The Librarian’s Cellar: We Have Always Lived in The Castle

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Set aside a couple of hours in a quiet corner and lose yourself in this tense, gothic classic from Shirley Jackson, We Have Always Lived in The Castle, a gem of a read for fans of psychological horror. Set in Vermont, New England, eighteen year-old Merricat Blackwood lives in virtual isolation with her sister Constance and Uncle Julien, secluded in their secrets and their strangeness – no spoilers here though!

Practicing her own personal brand of witchcraft, Merricat is a strange, feral young woman, with a strong will and a powerful narrative to match. Content to be with nature, running wild and unwashed, she shares a deep love for Constance, but hates people in general. So when her cousin Charles appears out of the blue, turning her devoted older sister’s head, trouble comes…

Engrossing, this was Jackson’s final novel, first published in 1962, only three years before her untimely death at just 48. It is a short, wonderful book. The kind of book you can barely tear yourself away from to make a cup of tea or lift your glass of wine. Explaining nothing, yet expertly unfolding a complex and horrifying tale, love her or hate her, the character of Merricat Blackwood will linger with you long after you’ve finished reading.

I’m holding my breath with anticipation for the movie version, coming soon, produced by Michael Douglas and filmed in Ireland with several Irish names featured in the cast and crew.

Shirley Jackson wrote some incredible short stories, including The Lottery, and was also the author of the classic gothic horror, The Haunting of Hill House.

The Librarian’s Cellar: The Lady in the Van

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The Lady in the Van is based on a true story of the relationship between Alan Bennett and the mysterious homeless woman, Mary Shepherd, who ‘temporarily’ parked her van in Bennett’s London driveway and ended up staying there for 15 years.

This is a wondrous film, not alone for Bennett’s brilliant comic/drama screenplay, but also for the lead roles played so engagingly by Maggie Smith (Miss Shepherd) and Alex Jennings (Bennett – complete with dual voices of self and writer self). It is also a gently portrayed mystery – who is Mary Shepherd? What is her story, her past, and how did she become this eccentric old bag lady? And why can’t she bear to hear music? Beneath the frail, defiant skin and nervous energy, her fate is mastered by the act of parking her stinky, battered van outside a stranger’s house in Camden. A stranger who just happens to be Alan Bennett, a sensitive, compassionate, imaginative type (with biting wit!) who also just happens to be a brilliant playwright.

There is a poignant subtext to the film in the relationship between Bennett and his own elderly mother, mental illness being a tenuous ribbon of connection to his uneasy friendship with Miss Shepherd, fear, sadness and life lessons reflected through her contrariness. The frailty of aging and how it strips away dignity is dealt with unflinchingly, though in that most humanistic perspective of finding humour in the idiosyncrasies. Even with that most defiant trait of human nature, in the end, how helpless we become.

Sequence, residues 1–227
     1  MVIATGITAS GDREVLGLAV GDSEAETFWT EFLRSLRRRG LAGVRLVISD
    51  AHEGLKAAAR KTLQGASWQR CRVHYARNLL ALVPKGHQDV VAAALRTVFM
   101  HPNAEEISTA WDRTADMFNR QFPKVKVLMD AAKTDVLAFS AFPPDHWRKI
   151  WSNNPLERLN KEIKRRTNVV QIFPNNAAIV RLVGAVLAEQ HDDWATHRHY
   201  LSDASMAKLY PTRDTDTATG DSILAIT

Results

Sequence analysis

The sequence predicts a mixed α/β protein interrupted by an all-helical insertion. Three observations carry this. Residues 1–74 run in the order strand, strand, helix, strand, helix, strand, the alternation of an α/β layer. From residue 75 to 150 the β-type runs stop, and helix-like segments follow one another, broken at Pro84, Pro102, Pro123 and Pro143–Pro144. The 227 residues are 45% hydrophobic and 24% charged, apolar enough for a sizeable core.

The Librarian’s Cellar: Five Chilling Reads for Christmas

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I must admit, I’ve always loved the chillier side of the Christmas madness. Not just the ‘wrap me up in a big auld cardigan’ type of chill, but the atmospheric quietness of those ‘in-between’ days, when you just can’t take any more tinsel television or jolly fa la la la la malarkey! What better time then to curl up in your armchair, shins roasting by the heat source of your choice – with a bit of candlelight for effect if your eyesight can take it! Simply add a glass, or mug, of your favourite tipple and lose yourself in a good spine-tingling read. And if you are short on reading material, here are five of my suggestions:

 

SLADE HOUSE by David Mitchell

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Every nine years, a guest is summoned to Slade House, behind the small black iron door, with no handle and no key – and every nine years, that guest narrates their experience as they enter into the strange and bewitching world of a house that isn’t really there, or is it? Where shape and time shift, and no-one is who they seem to be. Or are they? A quick and entertaining read, filled with a delicious mix of horror, suspense, a little of the science bit and some good old-fashioned ghostly goings on in a creepy mansion where twins, Jonah and Norah Grayer, ravenous for immortality at any cost, dwell in the twilight …

 

HEART-SHAPED BOX by Joe Hill

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Atmospheric, creepy and entertaining, this accomplished author’s debut novel tells the story of Jude Coyne, a cynical, aging rock star with a penchant for collecting all things macabre, who goes online to purchase the suit of a deceased man – a suit that he has been assured, is haunted. Delivered in a black, heart-shaped box, little does Jude know that he is buying the ghost of an angry, vengeful old man…with a very personal – and profound – vendetta. A quick read that does exactly as you might expect, thrills and chills to the bone!